“I inhabit a language rather than a country” – Emile Cioran

Femi Martin, who is judging our Made-Up Words competition with the Arvon Foundation this year, inspires polyglots everywhere to make up words (and win a place on an Arvon course as a result).

A newborn baby’s cry is perhaps our clearest indication that human beings communicate before we possess any linguistic ability. Although we enter this world with something to say, it is a couple of years before we learn how to give form to meaning through words, and how to use our mouths to relay this meaning. Everyone inherits a language at birth, but we do not all inherit the same language; there are indeed more than 6000 spoken in the world at this time, all ascribing meaning to different words in different ways.

All languages contain areas of scarcity where others are abundant; ask any polyglot and they’ll confirm that some words are simply untranslatable. Even those of us who have spent our lives communicating solely through our mother tongue will at times find it impossible to express ourselves. The declaration, ‘I’m speechless’ or, ‘I don’t know what to say’ or, ‘I can’t explain it’ are all ways of saying: ‘I do not have the words’. English, with its 500,000+ units of language, still does not have it – meaning – covered. That is where you come in!

I am looking for poems and flash fiction that give light to an area of meaning that remains dark in this ever-evolving language that we speak. Perhaps there is a colour, emotion, situation, or sound that is waiting for you to sum it up neatly. Perhaps you’ve recently found yourself using fifty words to describe something, wishing there was a single word up to the task. Whether your work is funny, dramatic, or full of whimsy; set in the past, present, or future; written in first, second, or third person; I mostly want to be affected by your made-up word. I want your word to inspire us to hide it under our tongues, reveal it in our future conversations, and wonder how we ever survived without it.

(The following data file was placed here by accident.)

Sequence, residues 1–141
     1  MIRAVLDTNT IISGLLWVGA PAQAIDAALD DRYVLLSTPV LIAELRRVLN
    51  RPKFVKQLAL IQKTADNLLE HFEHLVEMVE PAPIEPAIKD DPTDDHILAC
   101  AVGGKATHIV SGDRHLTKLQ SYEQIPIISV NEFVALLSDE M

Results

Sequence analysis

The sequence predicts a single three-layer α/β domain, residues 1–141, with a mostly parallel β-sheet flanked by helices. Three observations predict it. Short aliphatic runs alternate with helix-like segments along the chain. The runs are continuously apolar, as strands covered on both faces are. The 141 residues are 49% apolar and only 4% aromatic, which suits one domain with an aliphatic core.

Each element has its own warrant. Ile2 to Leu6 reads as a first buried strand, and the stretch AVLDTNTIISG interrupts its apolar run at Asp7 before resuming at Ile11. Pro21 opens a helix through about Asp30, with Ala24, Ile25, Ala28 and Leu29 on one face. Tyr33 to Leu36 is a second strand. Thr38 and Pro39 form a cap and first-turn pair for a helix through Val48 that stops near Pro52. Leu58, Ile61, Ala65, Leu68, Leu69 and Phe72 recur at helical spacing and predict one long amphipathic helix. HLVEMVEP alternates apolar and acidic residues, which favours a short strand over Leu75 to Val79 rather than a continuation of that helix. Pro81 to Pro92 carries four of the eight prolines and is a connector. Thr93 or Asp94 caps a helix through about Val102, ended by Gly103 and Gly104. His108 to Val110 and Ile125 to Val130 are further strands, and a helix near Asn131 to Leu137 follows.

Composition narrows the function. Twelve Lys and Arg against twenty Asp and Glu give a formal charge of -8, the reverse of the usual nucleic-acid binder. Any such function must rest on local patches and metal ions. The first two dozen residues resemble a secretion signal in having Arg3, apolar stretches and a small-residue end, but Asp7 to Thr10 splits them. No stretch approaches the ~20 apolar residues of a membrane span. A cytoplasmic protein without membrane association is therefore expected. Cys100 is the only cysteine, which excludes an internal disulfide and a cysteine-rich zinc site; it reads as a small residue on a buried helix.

Made-Up Words is part of europolyglot, an English PEN festival of events, workshops, night classes and roundtables that celebrates multilingualism in the UK, in partnership with the European Commission Representation in the United Kingdom.

One Comment on ““I inhabit a language rather than a country” – Emile Cioran”

Leave a Reply

Your email address will not be published. Required fields are marked *